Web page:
Objective: to explore the relationship between risk of falling at age 90+ and prior physical activity at age 60-70s.
Design: population-based cohort study (The 90+ Study).
Setting: California retirement community.
Participants: of 1596 cohort members, 1536 had both falls and prior activity data. Mean age = 94 years; 78% female; 99% Caucasian.
Methods: time spent in active physical activity was self-reported in 1980s; medical history, medication, assistive devices, residence type, and falls (outcome) was collected in 2000s. Activity/fall relationships were assessed using logistic regression.
Results: falls were reported by 52% of participants, recurrent falls by 32%, and severe injury by 21% of fallers. In univariate analyses risk of falling at age 90+ was significantly related to medical history (heart disease, TIA/stroke, arthritis, vision disease, depression, dementia), medication use (hypnotics, anti-psychotics, anti-depressants), use of assistive devices (cane, walker, wheelchair), residence type (living with relatives, sheltered living), and source of information (self-report vs informant). Risks of falling and recurrent falls at age 90+ were 35-45% lower in those reporting 30+ minutes/day of active physical activity at age 60-70s compared with no activity. The odds ratio of falling was 0.65 (95% CI = 0.44-0.97) for 30-45 minutes/day and 0.64 (0.44-0.94) for 1+ hour/day adjusting for age, sex, medical history (stroke/TIA, vision disease, depression), use of assistive devices, and source of information.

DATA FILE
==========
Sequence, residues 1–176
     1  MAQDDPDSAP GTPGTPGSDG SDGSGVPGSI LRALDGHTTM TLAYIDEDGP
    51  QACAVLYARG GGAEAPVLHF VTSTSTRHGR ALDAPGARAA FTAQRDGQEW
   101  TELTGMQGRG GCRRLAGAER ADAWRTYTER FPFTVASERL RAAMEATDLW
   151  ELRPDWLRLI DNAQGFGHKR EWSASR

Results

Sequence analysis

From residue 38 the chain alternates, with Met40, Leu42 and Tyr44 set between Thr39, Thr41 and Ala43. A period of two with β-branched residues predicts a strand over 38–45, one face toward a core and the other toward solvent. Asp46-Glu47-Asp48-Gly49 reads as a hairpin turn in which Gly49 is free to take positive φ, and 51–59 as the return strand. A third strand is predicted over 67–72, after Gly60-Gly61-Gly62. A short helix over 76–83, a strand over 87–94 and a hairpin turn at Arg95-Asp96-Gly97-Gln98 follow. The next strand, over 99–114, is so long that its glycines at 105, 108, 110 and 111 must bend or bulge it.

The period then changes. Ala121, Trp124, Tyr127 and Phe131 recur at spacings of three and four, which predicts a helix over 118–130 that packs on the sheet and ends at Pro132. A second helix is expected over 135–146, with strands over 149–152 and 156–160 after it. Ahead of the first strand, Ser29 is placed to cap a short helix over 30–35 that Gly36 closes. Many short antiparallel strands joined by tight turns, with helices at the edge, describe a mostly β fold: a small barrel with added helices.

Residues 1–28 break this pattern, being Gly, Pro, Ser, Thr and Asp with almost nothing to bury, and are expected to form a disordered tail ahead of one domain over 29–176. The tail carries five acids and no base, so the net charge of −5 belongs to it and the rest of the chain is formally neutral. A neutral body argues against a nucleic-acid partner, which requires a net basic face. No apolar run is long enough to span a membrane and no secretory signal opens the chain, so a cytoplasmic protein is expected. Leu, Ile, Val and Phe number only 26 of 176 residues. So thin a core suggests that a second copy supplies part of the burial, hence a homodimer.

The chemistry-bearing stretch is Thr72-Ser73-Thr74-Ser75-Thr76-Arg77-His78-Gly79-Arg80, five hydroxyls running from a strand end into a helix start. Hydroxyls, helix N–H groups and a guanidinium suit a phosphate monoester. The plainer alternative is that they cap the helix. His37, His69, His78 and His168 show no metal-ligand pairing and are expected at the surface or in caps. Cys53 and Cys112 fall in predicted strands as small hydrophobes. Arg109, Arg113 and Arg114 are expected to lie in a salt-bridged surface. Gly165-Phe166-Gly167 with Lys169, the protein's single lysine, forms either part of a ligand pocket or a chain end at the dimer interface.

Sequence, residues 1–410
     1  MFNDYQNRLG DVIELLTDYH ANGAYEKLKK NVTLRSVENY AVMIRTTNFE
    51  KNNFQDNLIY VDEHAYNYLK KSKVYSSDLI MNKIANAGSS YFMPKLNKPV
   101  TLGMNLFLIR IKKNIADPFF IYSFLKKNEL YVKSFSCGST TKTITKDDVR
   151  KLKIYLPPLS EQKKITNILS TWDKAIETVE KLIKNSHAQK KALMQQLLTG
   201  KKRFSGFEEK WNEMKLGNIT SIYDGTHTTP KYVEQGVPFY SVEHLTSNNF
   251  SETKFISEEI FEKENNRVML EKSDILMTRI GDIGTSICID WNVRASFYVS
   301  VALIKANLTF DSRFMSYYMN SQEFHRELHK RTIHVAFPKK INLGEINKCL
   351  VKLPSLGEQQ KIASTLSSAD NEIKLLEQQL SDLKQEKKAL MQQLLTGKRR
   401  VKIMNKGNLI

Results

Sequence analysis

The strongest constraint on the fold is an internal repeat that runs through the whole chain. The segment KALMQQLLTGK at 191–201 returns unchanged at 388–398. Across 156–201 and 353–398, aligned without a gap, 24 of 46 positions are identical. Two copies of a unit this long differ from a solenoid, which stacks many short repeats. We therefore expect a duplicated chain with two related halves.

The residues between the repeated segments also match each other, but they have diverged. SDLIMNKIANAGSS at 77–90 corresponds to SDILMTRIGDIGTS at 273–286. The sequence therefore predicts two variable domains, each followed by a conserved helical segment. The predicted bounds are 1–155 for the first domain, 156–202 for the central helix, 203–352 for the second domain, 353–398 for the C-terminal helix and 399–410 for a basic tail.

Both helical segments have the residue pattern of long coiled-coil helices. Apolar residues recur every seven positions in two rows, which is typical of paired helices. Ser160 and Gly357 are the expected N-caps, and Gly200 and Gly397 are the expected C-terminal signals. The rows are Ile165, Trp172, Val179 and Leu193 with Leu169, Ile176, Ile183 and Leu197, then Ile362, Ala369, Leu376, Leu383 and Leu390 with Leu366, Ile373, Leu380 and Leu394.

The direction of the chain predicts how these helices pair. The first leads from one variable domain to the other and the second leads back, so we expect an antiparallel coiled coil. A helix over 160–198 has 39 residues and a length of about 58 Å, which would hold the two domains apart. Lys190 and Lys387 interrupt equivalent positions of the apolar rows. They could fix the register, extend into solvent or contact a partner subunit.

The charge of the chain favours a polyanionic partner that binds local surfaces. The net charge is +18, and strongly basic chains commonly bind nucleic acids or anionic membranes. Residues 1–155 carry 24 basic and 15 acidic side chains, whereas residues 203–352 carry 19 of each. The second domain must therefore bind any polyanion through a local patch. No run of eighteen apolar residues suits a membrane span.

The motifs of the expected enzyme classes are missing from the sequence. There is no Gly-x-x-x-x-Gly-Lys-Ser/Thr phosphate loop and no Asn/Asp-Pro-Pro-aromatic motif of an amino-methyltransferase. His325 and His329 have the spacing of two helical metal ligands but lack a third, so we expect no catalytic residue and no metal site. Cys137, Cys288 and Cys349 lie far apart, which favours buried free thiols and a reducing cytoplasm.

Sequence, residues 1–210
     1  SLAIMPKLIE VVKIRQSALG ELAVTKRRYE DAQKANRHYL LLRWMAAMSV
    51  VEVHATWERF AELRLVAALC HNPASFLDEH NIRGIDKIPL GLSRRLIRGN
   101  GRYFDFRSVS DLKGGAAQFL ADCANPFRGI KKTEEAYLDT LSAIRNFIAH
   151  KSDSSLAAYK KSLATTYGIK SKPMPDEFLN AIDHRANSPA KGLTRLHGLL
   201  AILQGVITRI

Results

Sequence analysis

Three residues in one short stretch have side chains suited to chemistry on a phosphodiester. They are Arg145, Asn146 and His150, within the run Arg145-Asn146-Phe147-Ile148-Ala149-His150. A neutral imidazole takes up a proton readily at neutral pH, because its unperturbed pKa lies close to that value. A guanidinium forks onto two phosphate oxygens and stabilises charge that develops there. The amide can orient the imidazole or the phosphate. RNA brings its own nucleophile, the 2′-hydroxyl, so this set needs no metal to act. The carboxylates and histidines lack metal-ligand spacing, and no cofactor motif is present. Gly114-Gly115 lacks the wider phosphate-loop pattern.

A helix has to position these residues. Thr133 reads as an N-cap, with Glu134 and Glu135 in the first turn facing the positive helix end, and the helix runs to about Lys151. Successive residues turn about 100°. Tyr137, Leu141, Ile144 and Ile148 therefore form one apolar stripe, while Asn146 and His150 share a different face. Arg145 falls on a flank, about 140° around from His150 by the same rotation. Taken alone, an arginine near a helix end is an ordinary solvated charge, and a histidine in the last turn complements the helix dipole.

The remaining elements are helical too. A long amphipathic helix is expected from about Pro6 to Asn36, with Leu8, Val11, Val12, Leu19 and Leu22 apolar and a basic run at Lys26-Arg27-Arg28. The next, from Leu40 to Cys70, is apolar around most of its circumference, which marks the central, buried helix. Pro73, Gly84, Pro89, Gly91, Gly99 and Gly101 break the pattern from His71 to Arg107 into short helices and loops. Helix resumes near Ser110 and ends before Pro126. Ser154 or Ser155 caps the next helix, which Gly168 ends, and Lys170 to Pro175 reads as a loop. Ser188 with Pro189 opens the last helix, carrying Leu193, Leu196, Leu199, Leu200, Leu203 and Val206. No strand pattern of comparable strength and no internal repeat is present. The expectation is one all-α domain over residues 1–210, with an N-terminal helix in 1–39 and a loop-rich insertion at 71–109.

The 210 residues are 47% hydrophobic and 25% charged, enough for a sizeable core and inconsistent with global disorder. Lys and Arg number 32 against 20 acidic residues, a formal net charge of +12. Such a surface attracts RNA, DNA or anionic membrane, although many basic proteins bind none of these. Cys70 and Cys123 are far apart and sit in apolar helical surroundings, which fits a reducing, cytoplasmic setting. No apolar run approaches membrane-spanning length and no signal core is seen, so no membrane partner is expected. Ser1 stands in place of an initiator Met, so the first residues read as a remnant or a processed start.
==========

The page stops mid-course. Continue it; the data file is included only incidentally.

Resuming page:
Conclusions and relevance: falls are extremely common among the oldest-old and a significant proportion lead to severe injury. This work is the first to show an association between exercise at age 60-70s and lower risk of falling at age 90+.
Keywords: Falls; cohort; exercise; older people; oldest-old; risk factors.
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